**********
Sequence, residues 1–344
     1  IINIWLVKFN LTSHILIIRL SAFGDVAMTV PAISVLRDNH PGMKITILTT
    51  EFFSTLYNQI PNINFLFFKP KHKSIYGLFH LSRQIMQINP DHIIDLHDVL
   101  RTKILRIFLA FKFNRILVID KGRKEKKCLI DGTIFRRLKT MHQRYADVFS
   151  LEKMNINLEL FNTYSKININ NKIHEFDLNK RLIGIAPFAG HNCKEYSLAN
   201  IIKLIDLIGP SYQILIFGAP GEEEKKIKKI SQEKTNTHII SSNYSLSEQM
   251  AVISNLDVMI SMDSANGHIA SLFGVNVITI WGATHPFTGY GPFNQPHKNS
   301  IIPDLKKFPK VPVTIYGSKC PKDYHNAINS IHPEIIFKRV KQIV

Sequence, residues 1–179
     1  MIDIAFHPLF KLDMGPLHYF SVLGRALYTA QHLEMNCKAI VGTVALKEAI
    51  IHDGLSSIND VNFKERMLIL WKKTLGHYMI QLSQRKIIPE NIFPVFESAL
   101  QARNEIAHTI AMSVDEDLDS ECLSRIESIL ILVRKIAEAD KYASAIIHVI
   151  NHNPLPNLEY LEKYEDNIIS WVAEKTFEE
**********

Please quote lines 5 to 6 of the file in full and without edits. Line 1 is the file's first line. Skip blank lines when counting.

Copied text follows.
   151  LEKMNINLEL FNTYSKININ NKIHEFDLNK RLIGIAPFAG HNCKEYSLAN
   201  IIKLIDLIGP SYQILIFGAP GEEEKKIKKI SQEKTNTHII SSNYSLSEQM